Alison Johnson is clearly a doughty campaigner, but I’m afraid her opposition to new family homes won’t make housing more affordable for any Edinburgh residents (Garden District doesn’t address affordability, Evening News, September 24); rather it will push prices up and force people to live outside the city. The Garden District proposals have been carefully planned over the last five years and are fully in line with the council’s proposals for a City Deal.
A city deal which the Greens support, I hasten to add, and one which envisages another 200,000 people living in the Edinburgh region. Those people need to live somewhere, and at present the city still has a huge shortfall in family housing. Where those people are going to live is a huge strategic issue for Edinburgh. Our proposals will create 375 new affordable houses, one of the biggest single developments of affordable housing in the city for many years. Affordable housing is a central part of our vision and will help tackle the very issue of people living in temporary accommodation that Alison highlights.
Whilst Alison is right to say that we all need a roof over our heads and a place to call home, I feel that I have to point out that thousands more residents will get just that opportunity if and when the Garden District proposals can be agreed. We are pleased to already have the support of the planning committee in principle to the Garden District, and will work hard in the coming weeks to convince the committee that this is indeed an idea whose time has come.
Edinburgh’s Garden District is at one of the best served places in Scotland for public transport access, with easy access to a choice of buses, trains and the tram. Indeed, building houses outside Edinburgh as Alison appears to advocate will inevitably result in more people jumping in cars and driving into Edinburgh. It’s do-able, but certainly not a “green” or the most sustainable solution.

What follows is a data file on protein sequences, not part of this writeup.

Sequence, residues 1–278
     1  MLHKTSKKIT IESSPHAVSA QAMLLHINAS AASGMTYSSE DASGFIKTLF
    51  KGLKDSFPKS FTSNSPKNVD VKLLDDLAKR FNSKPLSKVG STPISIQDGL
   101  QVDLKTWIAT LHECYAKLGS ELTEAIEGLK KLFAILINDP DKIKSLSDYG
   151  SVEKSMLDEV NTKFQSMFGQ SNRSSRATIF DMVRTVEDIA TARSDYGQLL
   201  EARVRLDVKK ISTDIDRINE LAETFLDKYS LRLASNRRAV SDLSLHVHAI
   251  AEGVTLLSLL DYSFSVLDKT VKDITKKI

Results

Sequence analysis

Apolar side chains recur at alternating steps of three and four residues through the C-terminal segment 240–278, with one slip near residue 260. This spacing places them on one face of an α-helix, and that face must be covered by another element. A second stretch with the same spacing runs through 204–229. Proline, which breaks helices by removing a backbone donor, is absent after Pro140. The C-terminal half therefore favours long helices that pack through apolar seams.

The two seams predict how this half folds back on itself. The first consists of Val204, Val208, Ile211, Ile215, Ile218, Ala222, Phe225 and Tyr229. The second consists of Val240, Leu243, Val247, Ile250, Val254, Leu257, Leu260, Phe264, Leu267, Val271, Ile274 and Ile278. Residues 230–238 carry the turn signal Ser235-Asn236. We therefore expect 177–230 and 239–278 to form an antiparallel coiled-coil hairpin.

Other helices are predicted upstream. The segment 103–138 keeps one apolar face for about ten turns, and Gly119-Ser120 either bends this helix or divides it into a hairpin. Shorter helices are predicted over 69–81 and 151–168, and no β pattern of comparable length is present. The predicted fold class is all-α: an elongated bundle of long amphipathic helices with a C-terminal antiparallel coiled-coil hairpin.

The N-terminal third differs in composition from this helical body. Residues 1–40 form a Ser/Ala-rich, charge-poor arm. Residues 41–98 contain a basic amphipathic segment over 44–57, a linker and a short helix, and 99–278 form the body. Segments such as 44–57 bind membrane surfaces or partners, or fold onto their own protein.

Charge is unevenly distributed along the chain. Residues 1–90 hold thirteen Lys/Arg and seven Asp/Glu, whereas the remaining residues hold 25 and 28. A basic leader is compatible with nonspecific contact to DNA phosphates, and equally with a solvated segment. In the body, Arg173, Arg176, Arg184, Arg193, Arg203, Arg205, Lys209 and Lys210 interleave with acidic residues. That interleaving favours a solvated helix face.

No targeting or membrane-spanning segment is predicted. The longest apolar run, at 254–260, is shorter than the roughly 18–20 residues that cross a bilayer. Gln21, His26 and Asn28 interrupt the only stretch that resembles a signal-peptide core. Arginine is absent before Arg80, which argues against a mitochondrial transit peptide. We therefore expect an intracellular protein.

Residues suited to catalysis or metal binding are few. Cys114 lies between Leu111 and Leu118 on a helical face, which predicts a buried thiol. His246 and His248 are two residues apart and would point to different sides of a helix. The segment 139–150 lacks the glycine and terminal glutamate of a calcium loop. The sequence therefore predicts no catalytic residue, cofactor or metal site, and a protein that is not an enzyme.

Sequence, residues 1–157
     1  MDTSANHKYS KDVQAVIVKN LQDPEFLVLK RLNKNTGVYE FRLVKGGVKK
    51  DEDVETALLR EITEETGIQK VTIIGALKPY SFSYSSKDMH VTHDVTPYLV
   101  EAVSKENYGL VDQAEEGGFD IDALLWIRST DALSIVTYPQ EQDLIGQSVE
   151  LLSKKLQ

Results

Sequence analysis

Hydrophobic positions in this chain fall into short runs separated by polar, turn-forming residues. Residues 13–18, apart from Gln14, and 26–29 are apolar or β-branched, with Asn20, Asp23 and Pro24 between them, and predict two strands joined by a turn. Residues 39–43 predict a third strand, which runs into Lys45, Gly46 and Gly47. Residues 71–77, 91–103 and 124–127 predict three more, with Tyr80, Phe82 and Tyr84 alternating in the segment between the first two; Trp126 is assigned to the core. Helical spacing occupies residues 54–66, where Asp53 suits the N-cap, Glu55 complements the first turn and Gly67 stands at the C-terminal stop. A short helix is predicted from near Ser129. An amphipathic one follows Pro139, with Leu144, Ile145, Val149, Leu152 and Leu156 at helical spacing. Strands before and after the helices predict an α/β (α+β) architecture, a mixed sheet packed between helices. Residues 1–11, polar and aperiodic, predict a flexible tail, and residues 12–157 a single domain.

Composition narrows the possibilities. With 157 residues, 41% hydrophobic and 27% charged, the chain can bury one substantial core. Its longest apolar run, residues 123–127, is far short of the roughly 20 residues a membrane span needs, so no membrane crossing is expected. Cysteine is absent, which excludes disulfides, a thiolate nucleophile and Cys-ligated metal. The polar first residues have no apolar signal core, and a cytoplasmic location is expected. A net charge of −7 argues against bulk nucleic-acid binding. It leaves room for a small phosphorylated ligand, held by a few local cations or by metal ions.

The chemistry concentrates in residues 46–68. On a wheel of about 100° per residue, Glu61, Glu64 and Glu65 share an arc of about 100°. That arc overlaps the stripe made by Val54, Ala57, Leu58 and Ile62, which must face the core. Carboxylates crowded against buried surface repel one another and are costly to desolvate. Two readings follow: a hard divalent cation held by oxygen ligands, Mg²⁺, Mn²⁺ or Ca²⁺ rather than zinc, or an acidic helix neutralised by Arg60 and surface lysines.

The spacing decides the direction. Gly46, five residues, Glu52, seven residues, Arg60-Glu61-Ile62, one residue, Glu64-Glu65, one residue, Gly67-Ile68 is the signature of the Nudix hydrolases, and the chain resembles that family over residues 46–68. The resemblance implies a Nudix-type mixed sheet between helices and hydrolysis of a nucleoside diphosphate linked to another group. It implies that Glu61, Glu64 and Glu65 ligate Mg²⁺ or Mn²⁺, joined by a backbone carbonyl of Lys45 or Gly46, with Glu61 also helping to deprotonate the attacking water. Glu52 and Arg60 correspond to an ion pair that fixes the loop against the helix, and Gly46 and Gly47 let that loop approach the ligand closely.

Our current application also preserves almost half (44 per cent) of the site as green space to form a new linear park, and helps encourage people to live an active lifestyle with easy access to walking, running and cycling facilities. Inactivity is a major health issue, and as we have seen, events like the Commonwealth Games are not the best way of encouraging people to take up exercise. Edinburgh’s Garden District will even have a pathway network marked by distance to help people plan their own exercise regime.
The changeover from farmland to parkland and housing will also be good for wildlife as well. Parkland is a better habitat for wildlife than farmland and gardens are equally good habitats for wildlife according to recent research.
Edinburgh’s Garden District offers a unique opportunity to create a more sustainable lifestyle and at the same time increase the supply of housing in Edinburgh to help make the city a much more affordable place to stay for people who want to buy or rent housing. An approach based on rationing housing sites and introducing rent controls won’t provide so much as a single new family home in Edinburgh, and will simply drive up the already high house prices, whilst putting more pressure on green spaces around existing local communities along the Lanark Road corridor and elsewhere.
Jestyn Davies is managing director of Murray Estates